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  1. #1

    Question The term 'Break-in period'...

    Hi all, (first time post)

    I have a bit of a health problem, and any input to ease the first few weeks of adjusting to the trail would be appreciated.

    About three years ago, I was diagnosed with 'Syndrome X', although I think Metabolic Disorder is the more common-used term nowadays. Anyways, I went from 80+ hour a week workaholic, to a guy who has to rest after pull starting his lawn mower. Bah. The docs had a field day testing and trying all sorts of meds; only thing is they almost freaking killed me; so I told them all to 'take a hike' (no offense), and went completely off the meds the first of the year. The first week or so was pretty rough, but for the first time in three years I actually feel like getting out and doing stuff - being able to do so is still pretty much off the table, doh. I lost ten pounds the first week I went off the meds, and another ten pounds since then (fluid retention). So now I'm back to where I was when I was first diagnosed; except now my kidneys are not particularly happy with me.

    Well, new insurance this year - one that works - and the Cardiologist gleefully did his Catheter thing - expecting heart or angio work. (They've been unable to lower my triglycerides... supposed to be @100, mine originally was 2000, and the best they've gotten it to is @1200).

    The heart was still good to go, but my LAD (pipe) was so extensively restricted that the doc bailed and said drugs was the best option. Great :>0

    So... was planning on doing the AT when the kids were out of the house and life was beautiful, etc. but it looks like it's this year, or THIS YEAR for me. The wife has been real understanding; going to let me go as many weeks as I want. I figure I can control my sleep, diet, activity/exercise; in the doc's words: "As long as you don't do something stupid and overexert yourself, it would be good for you... take your meds, and carry the nitro pills just in case..." LoL.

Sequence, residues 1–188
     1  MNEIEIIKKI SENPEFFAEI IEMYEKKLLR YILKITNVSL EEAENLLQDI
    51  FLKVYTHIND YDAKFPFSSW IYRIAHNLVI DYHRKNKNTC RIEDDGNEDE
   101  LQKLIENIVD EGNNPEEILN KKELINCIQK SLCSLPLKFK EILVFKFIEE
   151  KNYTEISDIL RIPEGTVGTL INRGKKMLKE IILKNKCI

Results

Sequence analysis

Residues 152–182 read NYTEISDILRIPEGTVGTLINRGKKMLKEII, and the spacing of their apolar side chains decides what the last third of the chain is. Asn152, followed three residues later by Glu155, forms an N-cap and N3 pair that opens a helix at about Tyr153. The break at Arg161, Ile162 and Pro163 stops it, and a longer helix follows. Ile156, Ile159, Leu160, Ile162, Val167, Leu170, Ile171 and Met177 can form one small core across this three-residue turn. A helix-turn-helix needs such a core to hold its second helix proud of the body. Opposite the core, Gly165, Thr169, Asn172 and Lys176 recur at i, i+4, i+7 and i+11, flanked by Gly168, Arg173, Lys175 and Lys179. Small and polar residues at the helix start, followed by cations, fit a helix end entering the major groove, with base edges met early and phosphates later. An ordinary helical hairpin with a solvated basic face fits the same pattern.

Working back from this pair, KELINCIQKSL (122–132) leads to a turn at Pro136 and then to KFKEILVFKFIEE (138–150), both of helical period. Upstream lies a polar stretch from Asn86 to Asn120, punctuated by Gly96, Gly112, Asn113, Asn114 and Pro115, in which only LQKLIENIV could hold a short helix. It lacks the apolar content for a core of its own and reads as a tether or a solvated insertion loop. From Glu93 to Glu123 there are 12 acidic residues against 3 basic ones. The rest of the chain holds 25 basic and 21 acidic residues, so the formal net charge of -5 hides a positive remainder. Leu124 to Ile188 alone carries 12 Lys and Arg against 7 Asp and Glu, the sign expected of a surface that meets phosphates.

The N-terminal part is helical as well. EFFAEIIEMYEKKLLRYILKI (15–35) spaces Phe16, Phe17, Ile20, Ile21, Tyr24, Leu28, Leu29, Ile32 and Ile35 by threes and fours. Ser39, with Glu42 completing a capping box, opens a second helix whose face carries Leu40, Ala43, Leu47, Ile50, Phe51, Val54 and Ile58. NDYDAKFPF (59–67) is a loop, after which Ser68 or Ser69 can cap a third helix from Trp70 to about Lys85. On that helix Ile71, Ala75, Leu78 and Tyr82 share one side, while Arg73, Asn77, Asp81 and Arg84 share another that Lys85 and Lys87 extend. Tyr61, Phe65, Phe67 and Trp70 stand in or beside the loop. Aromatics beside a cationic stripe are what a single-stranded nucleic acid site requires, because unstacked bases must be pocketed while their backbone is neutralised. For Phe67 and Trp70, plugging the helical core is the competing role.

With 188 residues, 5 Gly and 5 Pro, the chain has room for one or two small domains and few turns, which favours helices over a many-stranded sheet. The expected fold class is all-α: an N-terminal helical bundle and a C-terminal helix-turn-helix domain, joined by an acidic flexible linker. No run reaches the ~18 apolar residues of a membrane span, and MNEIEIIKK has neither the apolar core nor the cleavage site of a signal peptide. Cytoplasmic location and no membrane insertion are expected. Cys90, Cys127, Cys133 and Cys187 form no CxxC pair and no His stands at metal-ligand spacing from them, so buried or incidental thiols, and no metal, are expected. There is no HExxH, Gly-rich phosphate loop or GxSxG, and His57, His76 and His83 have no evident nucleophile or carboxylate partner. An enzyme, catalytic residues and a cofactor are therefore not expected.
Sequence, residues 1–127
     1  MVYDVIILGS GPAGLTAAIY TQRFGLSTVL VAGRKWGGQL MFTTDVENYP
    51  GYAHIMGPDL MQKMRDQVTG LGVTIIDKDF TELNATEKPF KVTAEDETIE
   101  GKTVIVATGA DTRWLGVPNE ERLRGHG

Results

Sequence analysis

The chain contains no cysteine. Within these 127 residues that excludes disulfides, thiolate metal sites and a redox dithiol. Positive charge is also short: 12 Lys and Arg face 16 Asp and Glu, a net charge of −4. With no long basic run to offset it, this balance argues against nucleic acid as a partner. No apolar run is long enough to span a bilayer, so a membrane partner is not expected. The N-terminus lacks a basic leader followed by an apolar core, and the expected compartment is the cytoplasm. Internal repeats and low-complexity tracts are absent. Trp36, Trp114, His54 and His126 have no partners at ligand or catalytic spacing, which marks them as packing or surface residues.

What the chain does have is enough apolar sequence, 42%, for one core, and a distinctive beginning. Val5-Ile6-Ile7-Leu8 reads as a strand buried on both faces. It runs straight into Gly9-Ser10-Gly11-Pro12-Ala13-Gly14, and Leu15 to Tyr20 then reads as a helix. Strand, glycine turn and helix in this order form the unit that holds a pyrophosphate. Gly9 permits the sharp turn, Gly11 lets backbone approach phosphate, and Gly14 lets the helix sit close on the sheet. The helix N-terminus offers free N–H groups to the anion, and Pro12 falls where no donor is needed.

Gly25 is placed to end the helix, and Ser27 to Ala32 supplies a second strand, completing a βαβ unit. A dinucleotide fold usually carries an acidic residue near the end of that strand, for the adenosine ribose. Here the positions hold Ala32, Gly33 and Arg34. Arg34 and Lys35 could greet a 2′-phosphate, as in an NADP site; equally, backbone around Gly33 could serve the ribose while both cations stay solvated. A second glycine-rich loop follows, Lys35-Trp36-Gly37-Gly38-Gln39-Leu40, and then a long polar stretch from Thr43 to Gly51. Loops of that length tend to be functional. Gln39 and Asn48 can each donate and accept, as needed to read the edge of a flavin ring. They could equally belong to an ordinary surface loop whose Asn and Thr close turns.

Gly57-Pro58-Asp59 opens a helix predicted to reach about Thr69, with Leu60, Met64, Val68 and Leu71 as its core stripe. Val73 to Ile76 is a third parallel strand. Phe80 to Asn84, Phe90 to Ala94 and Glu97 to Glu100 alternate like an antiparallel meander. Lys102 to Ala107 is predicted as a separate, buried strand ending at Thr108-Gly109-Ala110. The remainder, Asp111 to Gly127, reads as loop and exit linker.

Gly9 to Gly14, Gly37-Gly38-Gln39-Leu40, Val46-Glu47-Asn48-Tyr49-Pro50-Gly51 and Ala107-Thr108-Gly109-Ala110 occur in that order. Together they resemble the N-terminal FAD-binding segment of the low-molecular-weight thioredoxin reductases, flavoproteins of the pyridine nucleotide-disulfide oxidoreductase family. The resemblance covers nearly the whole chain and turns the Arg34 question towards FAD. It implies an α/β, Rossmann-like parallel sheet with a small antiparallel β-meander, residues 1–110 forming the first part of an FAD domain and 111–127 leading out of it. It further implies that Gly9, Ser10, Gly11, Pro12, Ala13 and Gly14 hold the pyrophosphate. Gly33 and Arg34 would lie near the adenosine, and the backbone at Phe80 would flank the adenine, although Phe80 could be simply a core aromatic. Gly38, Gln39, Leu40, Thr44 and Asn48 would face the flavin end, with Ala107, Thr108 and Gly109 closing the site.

I'm shooting for a pack weight of about 25 lbs. - 30 at the heaviest (I have a four pound sleeping bag I've had for 25 years, can't seem to part with it).

    My biggest concern is maintaining my glucose levels. (Diabetic, part of the whole metabolic disorder thingy). I'm intolerant to high carb foods (Bagels, Mac and cheese, Ramen, etc. Potatoes are right out.) So I would really appreciate advice on that aspect.

    Thanks,

    BTW, Can't believe these docs have gotten me to the point where I have to carry freaking nitro tabs.... I'm 42. Five years ago, with the exception of some Reflux stuff, I was in as good or better shape than I was in the service.
    (Fairly extensive physical for a new job.)

  2. #2
    Registered User Dances with Mice's Avatar
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    05-20-2003
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    Default I'm no doctor...

    ...and I don't play one on the Internet.

    But, in general, for anyone that has health issues:

    See your doctor again. Make sure Doc understands exactly what you're going to be doing. Doc might think you're just hiking around a local park on weekends. Then get a second opinion. If Doc2 also green lights your idea, then go back to Doc1 and have a long chat:

    Do you have a Medical Alert Bracelet? You and doc should decide what needs to be on one. Also decide what meds you should be carrying, if any, and how you're going to get refills if needed. How can someone get your medical records in a hurry if needed? Where will you keep the nitro pills so someone else can find them in an emergency? Is iodine ok for treating water for you? How about daily use of Ibuprofen?

    You're going to have to lose that sleeping bag. Doctor's orders.

    You listed what you can't eat. So what can you eat?

  3. #3
    Registered User
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    12-18-2003
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    Mount Airy, NC
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    Default Break-in Period